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I have this falstad-circuit: enter image description here

And here it is per request, as a SCH file screen:

enter image description here

I'm trying to use a 555 astable to convert a variable AC with maximum of 12V (coming from Bicycle Hub) to 8VDC, enabling me to store it in batteries. Additionally there will be an overcharge circuit that redirects the current to the LEDs in case the batteries are empty.

Here are a couple of questions:

  • I wanted to know if what I have done here is correct.
  • I would like to point out that when I replicate this in tinkercad the simulation fails.
  • And when importing the BRD to Eagle, the connections seem to be recalculated and what I get, might not produce the appropriate result.
  • Why is the current produced no longer stable when I connect the LEDs?
  • Is there any other option to achieve AC to DC for battery storage, with the AC coming from a HUB?
  • Would this circuit work in reality?

Thank you!

Simulated in LTspice, falstad and tinkercad and by altering the zener the circuit drops the output voltage successfully.

Here is a LTspice screen (yeah the naming is different.. yada yada):

enter image description here

Also by increasing the C2 to 40uF the voltage comes even more stable and the leds don't flicker.

After a suggestion to use a regulator, i have done just that.

enter image description here enter image description here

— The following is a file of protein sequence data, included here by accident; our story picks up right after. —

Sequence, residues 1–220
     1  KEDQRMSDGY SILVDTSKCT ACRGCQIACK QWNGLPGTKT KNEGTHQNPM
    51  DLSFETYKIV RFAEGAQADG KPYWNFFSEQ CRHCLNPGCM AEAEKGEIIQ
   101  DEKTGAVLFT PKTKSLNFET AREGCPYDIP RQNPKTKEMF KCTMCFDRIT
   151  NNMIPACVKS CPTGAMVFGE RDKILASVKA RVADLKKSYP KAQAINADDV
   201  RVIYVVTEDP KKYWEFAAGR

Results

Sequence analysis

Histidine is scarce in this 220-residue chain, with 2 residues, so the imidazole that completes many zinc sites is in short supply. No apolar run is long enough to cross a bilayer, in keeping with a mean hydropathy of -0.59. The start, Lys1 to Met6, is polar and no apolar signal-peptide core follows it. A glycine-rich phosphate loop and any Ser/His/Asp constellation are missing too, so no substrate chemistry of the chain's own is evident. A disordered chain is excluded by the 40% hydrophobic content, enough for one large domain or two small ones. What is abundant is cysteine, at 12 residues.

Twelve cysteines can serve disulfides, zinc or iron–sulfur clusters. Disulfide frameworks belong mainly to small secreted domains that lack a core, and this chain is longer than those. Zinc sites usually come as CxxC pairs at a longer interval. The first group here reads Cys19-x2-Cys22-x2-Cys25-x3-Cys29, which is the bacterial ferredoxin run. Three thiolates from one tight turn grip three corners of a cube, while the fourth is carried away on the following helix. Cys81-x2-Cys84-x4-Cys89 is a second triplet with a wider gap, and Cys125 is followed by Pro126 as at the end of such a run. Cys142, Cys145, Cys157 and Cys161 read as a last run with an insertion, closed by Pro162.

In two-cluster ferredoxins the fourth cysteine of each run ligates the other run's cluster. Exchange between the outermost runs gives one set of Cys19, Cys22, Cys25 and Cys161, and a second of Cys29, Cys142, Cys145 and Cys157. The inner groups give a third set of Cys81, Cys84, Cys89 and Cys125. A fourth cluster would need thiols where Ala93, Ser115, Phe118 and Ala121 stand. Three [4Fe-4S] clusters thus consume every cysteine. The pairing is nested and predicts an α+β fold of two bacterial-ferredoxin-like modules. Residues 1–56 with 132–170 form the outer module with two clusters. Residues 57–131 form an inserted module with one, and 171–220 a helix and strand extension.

Now I will be looking into the charging circuit.

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    \$\begingroup\$ Your circuit looks like a fairground in the late evening. A regular circuit diagram without all the falstad nonsence would make reading it easier without being distracted by all the crappy falstad "features". \$\endgroup\$ – Andy aka Jul 23 at 7:33
  • \$\begingroup\$ Just added a Eagle SCH screencap. \$\endgroup\$ – VΛVΛV Jul 23 at 10:07
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    \$\begingroup\$ It would be useful if you would label your components. For example there are 9 diodes of varying types, none of them labeled. Please make them D1 - D9 and so on for the other components. I have two observations. What is the significance of the 9.94V in the top RH corner? It appears to be the input AC half wave rectified . The output from the bridge rectifier is across a 10uF capacitor in parallel with a zener diode, there is nothing to limit the current through the diode. Have you thought of using a simple 3 terminal regulator after the bridge rectifier and capacitor? \$\endgroup\$ – Peter Jennings Jul 23 at 10:07
  • \$\begingroup\$ Welcome to EE.SE! Regarding C1 and UZ1, ground points downwards. In general, power supply components go vertical for this reason and signal flow is horizontal. It won't help your circuit here, just a friendly reminder to keep it readable. \$\endgroup\$ – winny Jul 23 at 10:32
  • \$\begingroup\$ A suggestion: Stick to one design program. As you've noticed, conversions can cause problems. Learn one, stick with it. I usually recommend KiCAD because it is capable, it is free, and it is under active development. It won't hit you up with artificial limits like the "free" versions of commercial software or lock you into a painful microcosm like Fritzing. \$\endgroup\$ – JRE Jul 23 at 10:53

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